The question that “Imagine” then forces is: Are we fools for not believing in it or are we idiots for doing so?

And no matter how you approach that question, it is impossible for “Imagine” to be anything other than overwrought dynamic cynicism. It is not a good song. It’s a big dream that Lennon had no intention of attaining; it is Lennon in his Working Class Hero t-shirt–a model of want, not will or real.

This does not mean it’s impossible to make the world a better place; it means that making the world a better place isn’t a dream or a pop song; it is, instead, a fight against both cynicism and contentment, which means, making the world a better place is the fight for happiness–a better world is a world in which people have unguarded celebratory reactions to the world around them.


As Donald Trump spoke last night in what people continue to call “presidential” tones, I sat on my couch screaming rather incoherently at the television while my wife probably debated if a dog muzzle would fit on me.

1) There is nothing presidential about not sounding unhinged for once.
2) Trump still managed to be racist as ever (like, VOICE. Because only immigrants commit crimes).
3) Trump still has no idea about any actual policy plan, and that appears to be his governing plan.
4) Trump is proof that contentment has a ceiling.

Rage / Anger is by far the easiest expressed emotion. It requires no actual thought. To be controlled by anger is to be controlled by nothing; you are hampered by anger only after the fact, if at all, if you bother with self-reflection. Anger is the base human emotion, and it drives most of civilization.

Trump’s ascendance to the White House has been exhaustively covered by the media. Everyone wants to talk about the forgotten white people in forgotten industrial towns. It’s a chance for the media to celebrate whiteness without having to justify it; it allows the angry white man to be celebrated for his determination to challenge the status quo or whatever other bullshit drivel the media keeps pumping out. Black Lives Matter, a group fighting for the mere recognition that an entire population of people, based on genetics which determine skin tone, have been forgotten, are labeled as terrorists; white people whose class status has changed because, in large part, of policies crafted by the very people they keep voting for, are part of a ‘revolution,’ according to our president.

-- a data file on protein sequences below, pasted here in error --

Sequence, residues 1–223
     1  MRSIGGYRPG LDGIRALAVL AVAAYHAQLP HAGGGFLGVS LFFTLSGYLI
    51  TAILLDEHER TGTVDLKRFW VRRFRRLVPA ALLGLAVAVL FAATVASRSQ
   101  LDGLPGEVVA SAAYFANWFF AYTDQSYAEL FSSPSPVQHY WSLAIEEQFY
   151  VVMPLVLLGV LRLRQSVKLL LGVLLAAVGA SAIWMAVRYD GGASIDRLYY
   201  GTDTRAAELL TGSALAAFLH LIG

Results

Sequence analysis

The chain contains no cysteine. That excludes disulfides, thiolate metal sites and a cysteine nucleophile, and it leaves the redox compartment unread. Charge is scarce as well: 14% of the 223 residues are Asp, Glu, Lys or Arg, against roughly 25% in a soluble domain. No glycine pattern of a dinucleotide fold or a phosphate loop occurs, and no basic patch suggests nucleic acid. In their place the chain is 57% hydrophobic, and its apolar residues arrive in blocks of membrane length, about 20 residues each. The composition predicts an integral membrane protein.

But what all of this really is a group of enraged people wailed enough to get what they think they want, and, in turn, we get a seismic shift in the international order.

It’s easy to be angry because it’s easy to feel like all that emotional rush amounts to change. But, in reality, anger soothes only for the moment, and after the moment, the consequences must be reckoned with. And, far too often, we have no idea how to deal with the consequences because to do so requires we actually stop and think. And anger requires no thought. Thought requires time; it requires patience; it requires self-awareness; it requires an awareness of the world around you; it, most of all, requires you recognize the impact decisions you make have on multiple levels: yourself, those around you, and those who you will never meet.